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THE JOURNEY TOWARDS ACCREDITATION BIAL has monitored its energy consumption since its opening in May 2008. In the year 201112, it carried out its first carbon footprint keeping the base year of 2008-09. The carbon foot print data of year -3 (2008-09) and year zero (2011-12) were verified by an external agency as per the requirements of Airport Carbon Accreditation. BIAL thus got Airport Carbon Accredited at Level 2 Reduction, becoming the first ACI Asia-Pacific member airport to do so. Some simple measures adopted by the Airport to minimise and monitor energy usage include maintaining a power factor above 0.98 continuously, replacement of standard lighting with LED light, use of natural light in day hours, and the installation of occupancy sensors in various locations. This innovative approach and the drive to build environmental consciousness among employees and stakeholders has helped BIAL reduce its carbon footprint significantly since its opening in 2008.

EMPLOYEE ENGAGEMENT The involvement of employees from across the organisation has made this success possible, due to the fact that the majority of ideas for energy conservation came from the employees themselves. Members from departments with significant energy use were trained to conduct internal energy audits. Awareness education on energy efficiency, our carbon footprint and resource management to all employees including contractual staff has been disseminated through regular training and awareness campaigns, which has helped increase team motivation and get all employees engaged in the process.

THE FUTURE The Airport Carbon Accreditation of Level 2 has brought Bangalore International Airport Limited the international recognition for its efforts and has further motivated the young airport to benchmark itself amongst the best in the world. The team is actively exploring the scope of renewable energy sources at airports and aims to soon upgrade its accreditation to Level 3.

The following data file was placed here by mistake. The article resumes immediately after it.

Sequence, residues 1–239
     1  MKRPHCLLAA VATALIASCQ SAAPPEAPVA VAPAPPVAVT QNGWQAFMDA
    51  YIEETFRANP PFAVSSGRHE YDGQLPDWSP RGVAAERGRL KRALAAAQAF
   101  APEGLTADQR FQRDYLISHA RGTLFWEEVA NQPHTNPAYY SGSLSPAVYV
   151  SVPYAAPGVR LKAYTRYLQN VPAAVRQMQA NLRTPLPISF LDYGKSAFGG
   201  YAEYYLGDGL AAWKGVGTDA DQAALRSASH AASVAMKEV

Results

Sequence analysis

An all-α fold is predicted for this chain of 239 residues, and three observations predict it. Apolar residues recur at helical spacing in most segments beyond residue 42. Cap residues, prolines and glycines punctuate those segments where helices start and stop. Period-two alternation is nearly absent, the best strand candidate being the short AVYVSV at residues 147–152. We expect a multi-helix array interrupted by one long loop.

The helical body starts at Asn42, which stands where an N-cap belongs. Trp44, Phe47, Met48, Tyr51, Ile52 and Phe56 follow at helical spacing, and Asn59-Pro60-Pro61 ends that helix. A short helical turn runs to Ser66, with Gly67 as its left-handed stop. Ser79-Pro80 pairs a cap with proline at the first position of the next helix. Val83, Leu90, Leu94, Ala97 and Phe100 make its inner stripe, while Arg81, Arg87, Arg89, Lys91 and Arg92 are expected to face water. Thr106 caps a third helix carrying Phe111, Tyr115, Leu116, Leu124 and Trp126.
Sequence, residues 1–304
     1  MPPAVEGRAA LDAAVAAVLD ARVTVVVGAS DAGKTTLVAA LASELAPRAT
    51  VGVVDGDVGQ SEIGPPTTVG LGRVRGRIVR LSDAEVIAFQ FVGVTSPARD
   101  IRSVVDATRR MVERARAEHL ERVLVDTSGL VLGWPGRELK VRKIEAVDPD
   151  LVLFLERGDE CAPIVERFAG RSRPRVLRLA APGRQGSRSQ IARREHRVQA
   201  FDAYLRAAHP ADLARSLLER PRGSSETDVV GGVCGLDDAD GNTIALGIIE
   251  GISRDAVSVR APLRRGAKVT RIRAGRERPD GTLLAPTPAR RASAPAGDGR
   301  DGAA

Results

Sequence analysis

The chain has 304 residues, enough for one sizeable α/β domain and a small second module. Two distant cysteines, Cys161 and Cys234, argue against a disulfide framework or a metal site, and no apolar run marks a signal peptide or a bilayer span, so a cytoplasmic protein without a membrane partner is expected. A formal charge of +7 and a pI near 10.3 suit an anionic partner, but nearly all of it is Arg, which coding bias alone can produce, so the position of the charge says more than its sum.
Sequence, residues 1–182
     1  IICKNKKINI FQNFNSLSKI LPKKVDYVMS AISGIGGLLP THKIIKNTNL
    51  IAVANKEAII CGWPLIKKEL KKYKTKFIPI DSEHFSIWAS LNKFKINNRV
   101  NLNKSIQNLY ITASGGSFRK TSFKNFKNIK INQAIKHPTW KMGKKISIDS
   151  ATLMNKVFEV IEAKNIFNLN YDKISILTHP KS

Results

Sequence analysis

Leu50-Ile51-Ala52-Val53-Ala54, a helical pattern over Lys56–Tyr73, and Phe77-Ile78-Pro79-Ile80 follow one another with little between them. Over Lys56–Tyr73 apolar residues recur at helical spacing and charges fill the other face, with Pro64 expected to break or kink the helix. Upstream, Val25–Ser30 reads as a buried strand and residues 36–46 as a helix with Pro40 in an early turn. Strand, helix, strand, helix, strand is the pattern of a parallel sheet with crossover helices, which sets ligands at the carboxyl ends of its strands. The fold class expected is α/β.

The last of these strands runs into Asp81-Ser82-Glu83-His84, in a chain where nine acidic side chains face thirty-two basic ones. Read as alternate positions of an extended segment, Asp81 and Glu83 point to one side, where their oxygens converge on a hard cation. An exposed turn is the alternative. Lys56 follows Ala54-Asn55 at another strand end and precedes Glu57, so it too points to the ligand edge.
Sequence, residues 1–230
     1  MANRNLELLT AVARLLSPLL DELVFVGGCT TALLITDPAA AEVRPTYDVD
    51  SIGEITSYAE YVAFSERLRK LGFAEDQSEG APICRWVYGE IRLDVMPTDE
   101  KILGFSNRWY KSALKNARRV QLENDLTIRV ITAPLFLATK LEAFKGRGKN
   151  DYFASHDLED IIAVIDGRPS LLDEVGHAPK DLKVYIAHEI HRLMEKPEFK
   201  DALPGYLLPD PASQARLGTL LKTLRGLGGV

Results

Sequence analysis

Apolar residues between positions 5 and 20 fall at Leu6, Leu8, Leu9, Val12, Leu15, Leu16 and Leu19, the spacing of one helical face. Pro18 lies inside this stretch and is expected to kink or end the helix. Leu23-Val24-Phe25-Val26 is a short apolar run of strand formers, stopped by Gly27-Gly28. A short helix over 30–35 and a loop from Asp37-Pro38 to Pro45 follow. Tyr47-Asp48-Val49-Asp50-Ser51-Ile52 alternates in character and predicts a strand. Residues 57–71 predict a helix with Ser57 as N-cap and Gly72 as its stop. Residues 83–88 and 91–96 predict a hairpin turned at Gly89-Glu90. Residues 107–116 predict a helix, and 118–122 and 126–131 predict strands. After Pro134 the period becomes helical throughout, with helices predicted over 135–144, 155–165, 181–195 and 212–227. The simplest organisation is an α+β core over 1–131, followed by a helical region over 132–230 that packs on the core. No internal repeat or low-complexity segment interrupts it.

ADOPTING BEST PRACTICE As a responsible airport, Bangalore International Airport Limited accords high priority to protect the environment and conservation of natural resources. Our approach to sustainability incorporates understanding and learning from experience and to progressively develop capabilities to respond according to industry best practice. We are committed towards adopting best practices and set similar benchmarks across all functions at the Airport. Mr. G. V. Sanjay Reddy, Managing Director, BIAL

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4.2 Going beyond compliance at Tirana Airport

Tirana International Airport (TIA) aims to provide Albania with a world-class international gateway through optimising operations and creating one of the countrys most modern infrastructure facilities. More than 1.5 million passengers passed through Tirana International Airport in 2012 and it is one of the most recent airports to become Accredited at Level 1 Mapping.
COMMITMED TO ENVIRONMENTAL PROTECTION AND SOCIAL RESPONSIBILITY Tirana International Airport (TIA) has set out quality, energy and environmental, health and safety policies and programs and has undertaken all measures to meet its commitment towards customers, employees, community, stakeholders etc. TIA, being fully aware of its social responsibilities, has been committed to operate as environmentally friendly as possible and at the same to contribute to the wellbeing of the local communities around the airport.